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Multi-agency team awarded $1 million grant to expand implementation of evidence-based substance misuse prevention curricula in public schools and support community coalitions

Project targets students in third to ninth grades and their families in 26 rural counties across Virginia

With a two-year, $1 million grant from the Substance Abuse and Mental Health Services Administration (SAMHSA), principal investigator Kathy Hosig, director of the Virginia Tech Center for Public Health Practice Research and associate professor in the Department of Population Health Sciences, is leading a multi-agency team to expand existing funded projects to disseminate evidence-based substance misuse prevention curricula in public schools and support community coalitions. 

The “Virginia Cooperative Extension Partnerships for Rural Opioids Technical Assistance” project builds upon two current USDA-funded projects, Virginia Cooperative Extension (VCE) projects, and a SAMHSA-funded VCE project to reduce misuse of opioids and stimulants in rural Virginia using evidence-based universal prevention curricula (Botvin LifeSkills Training Programs) to target students in third to ninth grades and their families in 26 rural counties across Virginia. The project is designed to build life skills for public school students while enabling the significant adults in their lives to support them most effectively in making positive life choices and navigating the turbulent adolescent years.

The project team consists of five regional VCE project coordinators who are facilitating implementation of project activities and supporting local community groups and coalitions that focus on substance use disorder. Additional project partners include the Department of Behavioral Health and Developmental Services Office of Behavioral Health Wellness, local community services boards (CSBs), SAMHSA State Opioid Response (SOR) providers and State Targeted Response TA teams, and Virginia Department of Education (VDOE) Office of Student Services. 

The team is utilizing the Botvin LifeSkills Training Program, a substance abuse and violence prevention program based on rigorous scientific research. The school-based component is considered to be the most effective evidence-based program used in schools today and is developmentally designed to promote mental health and positive youth development. In addition to teaching skills to resist drug, alcohol, and tobacco use, the LifeSkills Training also effectively supports the reduction of violence and other high-risk behaviors and is aligned to the National Health Education standards and to CASEL’s social and emotional learning (SEL) competencies. 

The school-based program’s learning objectives include personal self-management skills, general social skills, and drug resistance skills. Students are led to develop skills to help them enhance self-esteem and problem-solving abilities, reduce stress and anxiety, and manage anger. The students are additionally taught skills to meet personal challenges such as communicating clearly, building relationships, and avoiding violence. Through the training, students develop defenses against pressures to use tobacco, alcohol, and other drugs.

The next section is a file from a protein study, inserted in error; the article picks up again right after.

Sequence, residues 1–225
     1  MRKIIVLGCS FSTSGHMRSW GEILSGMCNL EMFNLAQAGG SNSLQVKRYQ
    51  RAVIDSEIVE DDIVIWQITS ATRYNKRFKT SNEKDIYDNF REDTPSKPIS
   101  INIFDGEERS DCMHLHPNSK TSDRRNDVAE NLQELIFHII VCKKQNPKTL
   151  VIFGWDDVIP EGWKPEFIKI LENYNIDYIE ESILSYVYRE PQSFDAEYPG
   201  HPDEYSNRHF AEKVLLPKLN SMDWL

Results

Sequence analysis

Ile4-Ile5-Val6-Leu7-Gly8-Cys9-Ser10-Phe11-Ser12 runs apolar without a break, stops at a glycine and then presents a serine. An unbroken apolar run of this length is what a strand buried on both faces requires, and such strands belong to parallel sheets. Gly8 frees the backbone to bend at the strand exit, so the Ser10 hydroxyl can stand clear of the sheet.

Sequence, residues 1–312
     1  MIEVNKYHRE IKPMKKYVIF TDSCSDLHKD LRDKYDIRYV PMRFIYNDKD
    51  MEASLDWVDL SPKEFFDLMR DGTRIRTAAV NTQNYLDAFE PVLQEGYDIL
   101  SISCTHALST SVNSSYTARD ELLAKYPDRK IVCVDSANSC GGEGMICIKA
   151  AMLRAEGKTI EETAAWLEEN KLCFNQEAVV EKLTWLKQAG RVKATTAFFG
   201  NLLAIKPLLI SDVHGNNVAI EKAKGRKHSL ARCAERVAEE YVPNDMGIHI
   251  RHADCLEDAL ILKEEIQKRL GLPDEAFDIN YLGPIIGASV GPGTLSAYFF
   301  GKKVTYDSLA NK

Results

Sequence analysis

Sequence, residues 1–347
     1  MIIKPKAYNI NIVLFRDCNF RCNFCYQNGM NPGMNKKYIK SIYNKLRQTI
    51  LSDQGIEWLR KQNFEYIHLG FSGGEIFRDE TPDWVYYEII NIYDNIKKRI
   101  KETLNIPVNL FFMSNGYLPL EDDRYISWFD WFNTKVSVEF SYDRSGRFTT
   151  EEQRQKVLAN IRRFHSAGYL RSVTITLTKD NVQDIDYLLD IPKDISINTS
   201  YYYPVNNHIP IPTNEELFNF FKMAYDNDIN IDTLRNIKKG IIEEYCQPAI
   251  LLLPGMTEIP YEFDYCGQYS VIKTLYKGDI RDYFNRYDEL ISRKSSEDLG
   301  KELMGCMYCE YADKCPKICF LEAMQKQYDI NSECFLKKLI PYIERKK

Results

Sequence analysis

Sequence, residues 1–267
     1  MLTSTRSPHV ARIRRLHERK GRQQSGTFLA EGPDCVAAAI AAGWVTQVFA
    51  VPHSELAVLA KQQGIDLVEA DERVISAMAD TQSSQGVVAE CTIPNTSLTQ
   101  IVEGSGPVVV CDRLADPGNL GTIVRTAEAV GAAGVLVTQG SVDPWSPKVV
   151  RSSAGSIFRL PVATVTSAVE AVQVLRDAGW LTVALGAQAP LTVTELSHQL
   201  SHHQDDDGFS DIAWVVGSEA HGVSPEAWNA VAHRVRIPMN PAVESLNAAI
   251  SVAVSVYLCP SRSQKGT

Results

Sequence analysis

The Botvin LifeSkills Parent Program is also being utilized to help parents and other significant adults strengthen their communication with the students. Objectives focus on helping involved adults understand the issues related to adolescent drug abuse, how to be good role models and convey a clear anti-drug message, and how to help children develop self-management and social skills.   

The project team anticipates that over 200 public school teachers will be trained to deliver this evidence-based universal prevention curricula, and an additional 20 community members will be trained to deliver the curricula to parents and caregivers in a variety of community settings to reach diverse audiences. The anticipated number of students to be served over the two-year project is 18,425. Approximately 4,500 parents and caregivers are expected to receive the evidence-based parent program, and at least 750 public school staff will receive training in Mental Health First Aid for youth and/or Adverse Childhood Experiences (ACEs).

Previous SAMHSA-funded projects have already shown success. A VCE Project Coordinator reported seeing a teacher help a student navigate a tough family situation utilizing the decision making model and create communication strategies so that the student could present to their family their wishes for the resolution to the conflict. Another VCE Project Coordinator received an email from a community religious leader after their second day of the parent training. She said, “I am already thinking about whether this kind of class has been offered in our low-income apartment complexes...Having a project coordinator in the area, connecting coalitions and community leaders, and offering the parent program creates situations where the project touches the whole community, fostering creative synergies and solutions.”